Of note. Defending champion Bo Bae Song shot a second-consecutive 71 to stand in a tie for 37th…First-round co-leader Yukari Baba carded an even-par 72, slipping back to a tie for seventh…Former Mizuno Classic champions Karrie Webb, Maria Hjorth and Momoko Ueda shot rounds of 72, 69 and 67 respectively.
JIYAI SHIN, ROLEX RANKINGS NO. 1
Q: Another great round today. What was working the best in your game today?
SHIN: Today, I didn’t make any bogeys and made six birdies. My shots were really good. I missed the green just two times and then I made a lot of birdie chances. I feel really good because I won this event two years ago, so I have a good feeling and confidence too.
Q: What is your game plan for tomorrow?
SHIN: Well, the weather is great. The other players played good too. So, usually when I play leader I try to not make mistakes, but I think tomorrow I have to be aggressive. I have a good feeling right now.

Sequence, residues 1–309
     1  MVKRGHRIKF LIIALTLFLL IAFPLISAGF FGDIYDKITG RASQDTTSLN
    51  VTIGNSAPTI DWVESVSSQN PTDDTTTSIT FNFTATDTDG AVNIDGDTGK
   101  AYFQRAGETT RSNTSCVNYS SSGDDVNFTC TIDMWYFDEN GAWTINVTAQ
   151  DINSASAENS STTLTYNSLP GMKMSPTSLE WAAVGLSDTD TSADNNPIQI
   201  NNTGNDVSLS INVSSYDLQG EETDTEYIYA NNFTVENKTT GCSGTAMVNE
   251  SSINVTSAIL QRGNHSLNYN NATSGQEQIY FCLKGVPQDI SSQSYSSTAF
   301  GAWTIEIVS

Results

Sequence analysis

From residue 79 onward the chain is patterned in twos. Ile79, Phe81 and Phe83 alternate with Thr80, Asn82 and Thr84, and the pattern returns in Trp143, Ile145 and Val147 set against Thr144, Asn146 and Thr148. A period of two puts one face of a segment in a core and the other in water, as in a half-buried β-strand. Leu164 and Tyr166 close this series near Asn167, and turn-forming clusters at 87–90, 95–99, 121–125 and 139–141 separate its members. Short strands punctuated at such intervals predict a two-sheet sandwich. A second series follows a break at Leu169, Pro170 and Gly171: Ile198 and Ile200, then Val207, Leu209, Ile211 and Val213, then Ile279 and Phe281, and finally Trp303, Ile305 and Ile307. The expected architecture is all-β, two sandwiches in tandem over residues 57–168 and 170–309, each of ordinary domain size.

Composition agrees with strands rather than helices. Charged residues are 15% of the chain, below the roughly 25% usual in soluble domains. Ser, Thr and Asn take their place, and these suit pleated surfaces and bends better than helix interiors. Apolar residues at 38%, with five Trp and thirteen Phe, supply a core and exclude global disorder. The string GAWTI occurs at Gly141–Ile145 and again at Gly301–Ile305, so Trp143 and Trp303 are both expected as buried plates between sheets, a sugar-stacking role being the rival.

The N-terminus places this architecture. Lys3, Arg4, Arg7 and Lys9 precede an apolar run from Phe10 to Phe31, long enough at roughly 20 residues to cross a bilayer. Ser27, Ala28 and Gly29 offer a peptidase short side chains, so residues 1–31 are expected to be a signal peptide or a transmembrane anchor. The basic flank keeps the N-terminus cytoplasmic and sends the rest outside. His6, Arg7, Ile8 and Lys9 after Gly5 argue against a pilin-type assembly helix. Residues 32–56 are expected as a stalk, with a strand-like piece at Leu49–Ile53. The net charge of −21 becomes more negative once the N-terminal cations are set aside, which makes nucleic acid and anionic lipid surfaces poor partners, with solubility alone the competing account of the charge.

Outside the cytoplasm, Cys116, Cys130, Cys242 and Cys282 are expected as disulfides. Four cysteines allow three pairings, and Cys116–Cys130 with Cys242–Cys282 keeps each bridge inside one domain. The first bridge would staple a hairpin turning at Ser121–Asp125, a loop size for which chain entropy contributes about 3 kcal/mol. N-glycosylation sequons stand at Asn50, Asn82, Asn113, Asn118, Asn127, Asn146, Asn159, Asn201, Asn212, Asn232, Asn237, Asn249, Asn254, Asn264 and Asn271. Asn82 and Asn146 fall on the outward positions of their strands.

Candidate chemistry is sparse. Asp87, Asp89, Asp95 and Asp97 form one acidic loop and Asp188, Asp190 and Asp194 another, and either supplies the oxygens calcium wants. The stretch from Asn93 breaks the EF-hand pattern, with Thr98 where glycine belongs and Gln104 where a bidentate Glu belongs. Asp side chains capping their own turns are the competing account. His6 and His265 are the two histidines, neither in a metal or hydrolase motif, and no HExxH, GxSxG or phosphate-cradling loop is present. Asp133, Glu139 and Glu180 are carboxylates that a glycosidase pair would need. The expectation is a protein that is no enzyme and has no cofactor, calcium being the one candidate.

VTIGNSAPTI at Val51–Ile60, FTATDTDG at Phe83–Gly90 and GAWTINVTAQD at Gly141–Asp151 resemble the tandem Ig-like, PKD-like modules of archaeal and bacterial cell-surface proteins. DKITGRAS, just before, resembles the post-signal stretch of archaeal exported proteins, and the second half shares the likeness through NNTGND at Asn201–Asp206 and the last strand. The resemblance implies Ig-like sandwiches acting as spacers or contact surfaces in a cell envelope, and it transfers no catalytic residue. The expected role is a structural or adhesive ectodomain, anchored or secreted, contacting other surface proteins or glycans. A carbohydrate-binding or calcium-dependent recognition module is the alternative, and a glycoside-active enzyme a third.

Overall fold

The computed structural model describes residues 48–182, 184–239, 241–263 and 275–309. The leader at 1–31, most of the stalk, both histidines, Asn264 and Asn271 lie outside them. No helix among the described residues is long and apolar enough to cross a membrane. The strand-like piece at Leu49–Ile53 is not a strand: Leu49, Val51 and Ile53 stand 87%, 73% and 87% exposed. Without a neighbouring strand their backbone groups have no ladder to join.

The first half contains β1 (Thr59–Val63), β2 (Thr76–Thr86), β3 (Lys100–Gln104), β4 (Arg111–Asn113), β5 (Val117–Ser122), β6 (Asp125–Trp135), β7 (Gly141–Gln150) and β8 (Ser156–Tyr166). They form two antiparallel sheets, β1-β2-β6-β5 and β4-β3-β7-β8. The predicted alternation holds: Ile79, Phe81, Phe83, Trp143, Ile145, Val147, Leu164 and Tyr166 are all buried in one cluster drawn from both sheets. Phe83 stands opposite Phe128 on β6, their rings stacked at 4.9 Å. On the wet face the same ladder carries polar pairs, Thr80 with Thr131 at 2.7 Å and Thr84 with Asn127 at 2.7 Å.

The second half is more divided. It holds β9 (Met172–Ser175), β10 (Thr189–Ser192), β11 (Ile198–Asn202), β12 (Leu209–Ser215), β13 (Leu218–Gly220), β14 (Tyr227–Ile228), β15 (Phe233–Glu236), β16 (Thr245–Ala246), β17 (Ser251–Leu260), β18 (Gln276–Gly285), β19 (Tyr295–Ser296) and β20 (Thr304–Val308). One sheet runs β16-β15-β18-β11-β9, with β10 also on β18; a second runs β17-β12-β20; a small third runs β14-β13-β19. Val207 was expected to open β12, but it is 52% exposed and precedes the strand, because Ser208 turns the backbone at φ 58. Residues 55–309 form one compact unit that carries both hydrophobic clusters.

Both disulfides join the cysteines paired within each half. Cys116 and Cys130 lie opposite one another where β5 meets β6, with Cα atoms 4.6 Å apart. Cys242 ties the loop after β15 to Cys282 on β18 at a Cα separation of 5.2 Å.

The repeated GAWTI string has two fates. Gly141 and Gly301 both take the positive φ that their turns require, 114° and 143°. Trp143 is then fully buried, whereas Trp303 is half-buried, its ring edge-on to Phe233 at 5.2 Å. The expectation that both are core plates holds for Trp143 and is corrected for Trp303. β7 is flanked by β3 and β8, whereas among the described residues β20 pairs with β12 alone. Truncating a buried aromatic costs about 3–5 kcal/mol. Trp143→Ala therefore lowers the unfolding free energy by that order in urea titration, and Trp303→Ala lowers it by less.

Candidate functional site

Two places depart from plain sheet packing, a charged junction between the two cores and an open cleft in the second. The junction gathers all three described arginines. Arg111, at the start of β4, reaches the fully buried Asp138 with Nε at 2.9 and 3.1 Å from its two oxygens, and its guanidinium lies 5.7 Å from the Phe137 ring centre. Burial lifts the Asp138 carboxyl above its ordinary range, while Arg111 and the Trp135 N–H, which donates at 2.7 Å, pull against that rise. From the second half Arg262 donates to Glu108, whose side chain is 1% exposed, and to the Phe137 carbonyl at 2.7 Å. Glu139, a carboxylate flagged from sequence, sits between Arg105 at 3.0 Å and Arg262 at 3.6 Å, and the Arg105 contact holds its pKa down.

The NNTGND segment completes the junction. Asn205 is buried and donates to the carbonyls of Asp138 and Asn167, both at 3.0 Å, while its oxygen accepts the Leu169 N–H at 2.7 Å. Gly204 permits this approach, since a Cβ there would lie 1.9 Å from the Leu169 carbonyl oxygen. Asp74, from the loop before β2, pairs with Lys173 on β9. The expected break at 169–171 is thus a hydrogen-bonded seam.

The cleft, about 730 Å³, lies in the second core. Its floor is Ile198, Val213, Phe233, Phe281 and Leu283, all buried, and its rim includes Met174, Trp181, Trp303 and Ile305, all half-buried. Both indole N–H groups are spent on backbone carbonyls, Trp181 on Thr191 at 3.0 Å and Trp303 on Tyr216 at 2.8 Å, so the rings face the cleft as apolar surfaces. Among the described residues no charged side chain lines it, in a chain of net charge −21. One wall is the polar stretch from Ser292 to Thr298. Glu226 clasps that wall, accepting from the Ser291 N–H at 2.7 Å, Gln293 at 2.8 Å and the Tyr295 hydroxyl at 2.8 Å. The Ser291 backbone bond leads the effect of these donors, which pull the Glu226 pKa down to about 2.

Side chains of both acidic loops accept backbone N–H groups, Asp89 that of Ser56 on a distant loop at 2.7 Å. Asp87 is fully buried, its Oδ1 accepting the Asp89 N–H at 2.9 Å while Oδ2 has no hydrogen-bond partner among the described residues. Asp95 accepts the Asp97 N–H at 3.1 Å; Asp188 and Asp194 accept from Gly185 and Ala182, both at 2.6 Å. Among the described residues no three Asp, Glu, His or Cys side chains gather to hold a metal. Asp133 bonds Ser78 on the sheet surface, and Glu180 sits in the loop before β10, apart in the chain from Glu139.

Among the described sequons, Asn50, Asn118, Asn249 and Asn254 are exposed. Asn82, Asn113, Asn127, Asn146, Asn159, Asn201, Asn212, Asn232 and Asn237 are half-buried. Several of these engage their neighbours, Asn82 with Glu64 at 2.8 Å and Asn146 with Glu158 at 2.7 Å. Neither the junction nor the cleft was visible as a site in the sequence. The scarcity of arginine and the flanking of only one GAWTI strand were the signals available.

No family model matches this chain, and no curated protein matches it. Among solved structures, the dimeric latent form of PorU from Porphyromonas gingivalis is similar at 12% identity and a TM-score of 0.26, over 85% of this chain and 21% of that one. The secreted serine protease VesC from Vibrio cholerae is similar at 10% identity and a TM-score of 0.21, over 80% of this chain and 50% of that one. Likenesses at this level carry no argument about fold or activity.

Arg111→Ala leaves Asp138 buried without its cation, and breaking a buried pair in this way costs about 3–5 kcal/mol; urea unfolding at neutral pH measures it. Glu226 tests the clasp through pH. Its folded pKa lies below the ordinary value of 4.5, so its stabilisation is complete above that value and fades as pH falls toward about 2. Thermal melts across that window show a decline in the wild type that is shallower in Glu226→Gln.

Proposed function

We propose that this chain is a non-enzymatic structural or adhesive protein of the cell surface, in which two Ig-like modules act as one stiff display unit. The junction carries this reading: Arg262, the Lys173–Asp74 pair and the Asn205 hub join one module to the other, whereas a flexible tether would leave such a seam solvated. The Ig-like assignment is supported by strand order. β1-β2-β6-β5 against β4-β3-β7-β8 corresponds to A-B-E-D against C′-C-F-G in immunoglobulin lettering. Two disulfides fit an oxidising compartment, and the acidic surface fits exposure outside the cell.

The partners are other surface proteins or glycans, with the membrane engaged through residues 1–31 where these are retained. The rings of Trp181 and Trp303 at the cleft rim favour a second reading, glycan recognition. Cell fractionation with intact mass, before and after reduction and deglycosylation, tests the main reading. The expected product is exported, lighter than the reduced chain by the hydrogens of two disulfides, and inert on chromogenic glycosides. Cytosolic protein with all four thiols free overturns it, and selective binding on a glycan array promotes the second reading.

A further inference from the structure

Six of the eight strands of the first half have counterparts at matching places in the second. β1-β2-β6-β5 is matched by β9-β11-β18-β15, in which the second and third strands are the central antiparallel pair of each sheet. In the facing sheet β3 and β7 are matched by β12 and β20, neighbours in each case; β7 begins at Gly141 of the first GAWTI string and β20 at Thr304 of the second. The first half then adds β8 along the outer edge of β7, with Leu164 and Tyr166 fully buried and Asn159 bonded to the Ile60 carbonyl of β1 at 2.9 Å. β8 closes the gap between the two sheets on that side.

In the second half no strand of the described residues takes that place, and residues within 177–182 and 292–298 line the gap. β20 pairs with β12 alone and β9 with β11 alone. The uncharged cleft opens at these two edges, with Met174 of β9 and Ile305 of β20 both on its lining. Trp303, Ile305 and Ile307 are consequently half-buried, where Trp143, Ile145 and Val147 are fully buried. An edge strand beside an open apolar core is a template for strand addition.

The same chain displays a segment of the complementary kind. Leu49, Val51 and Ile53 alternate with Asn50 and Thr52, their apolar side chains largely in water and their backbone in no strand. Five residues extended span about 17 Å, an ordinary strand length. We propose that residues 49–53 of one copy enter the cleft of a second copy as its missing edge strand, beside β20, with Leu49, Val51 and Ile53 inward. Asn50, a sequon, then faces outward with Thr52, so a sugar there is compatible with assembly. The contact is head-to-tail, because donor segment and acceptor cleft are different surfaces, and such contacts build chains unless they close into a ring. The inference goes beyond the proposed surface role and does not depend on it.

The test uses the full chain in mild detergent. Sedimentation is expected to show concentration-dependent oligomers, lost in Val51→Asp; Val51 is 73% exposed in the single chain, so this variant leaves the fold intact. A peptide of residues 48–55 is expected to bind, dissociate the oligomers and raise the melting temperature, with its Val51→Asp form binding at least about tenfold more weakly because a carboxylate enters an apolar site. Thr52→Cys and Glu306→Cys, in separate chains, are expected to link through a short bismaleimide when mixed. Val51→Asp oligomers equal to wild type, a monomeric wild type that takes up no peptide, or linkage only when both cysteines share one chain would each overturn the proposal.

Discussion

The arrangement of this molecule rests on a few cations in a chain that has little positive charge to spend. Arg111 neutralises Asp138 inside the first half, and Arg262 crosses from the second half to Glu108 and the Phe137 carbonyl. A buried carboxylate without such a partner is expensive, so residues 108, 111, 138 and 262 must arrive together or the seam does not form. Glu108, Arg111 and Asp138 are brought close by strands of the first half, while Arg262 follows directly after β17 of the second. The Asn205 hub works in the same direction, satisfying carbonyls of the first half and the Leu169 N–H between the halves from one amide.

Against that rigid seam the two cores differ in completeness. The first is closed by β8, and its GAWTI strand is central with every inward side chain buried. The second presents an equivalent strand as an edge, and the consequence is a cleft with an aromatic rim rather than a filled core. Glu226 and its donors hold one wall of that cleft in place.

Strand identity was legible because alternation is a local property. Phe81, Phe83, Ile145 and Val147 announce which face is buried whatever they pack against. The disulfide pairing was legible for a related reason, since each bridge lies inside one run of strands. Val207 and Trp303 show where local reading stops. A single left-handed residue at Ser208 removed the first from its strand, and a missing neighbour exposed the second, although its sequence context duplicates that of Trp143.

Q: You regained the Rolex Rankings No. 1 Monday. How important is it for you to stay there? What do you need to do to stay there?
SHIN: I need to win. There are still other players close to me. I am not playing next week so I need lots of points this week. Tomorrow I have a big chance. I am happy to be No. 1, but now I am focused on tomorrow’s play.
Q: Do you think the whole race for Rolex Rankings No. 1 has made you a better player?
SHIN: Of course. It is really exciting, because I am all the time checking the other players. I have a good experience right now. I am having a lot of fun too.
STACY LEWIS, ROLEX RANKINGS NO. 40
Q: Welcome Stacy. Great round today. You tied the course record. I am not sure if you were aware of that. You are currently tied for the lead here at the Mizuno Classic. Can you talk a little about your round?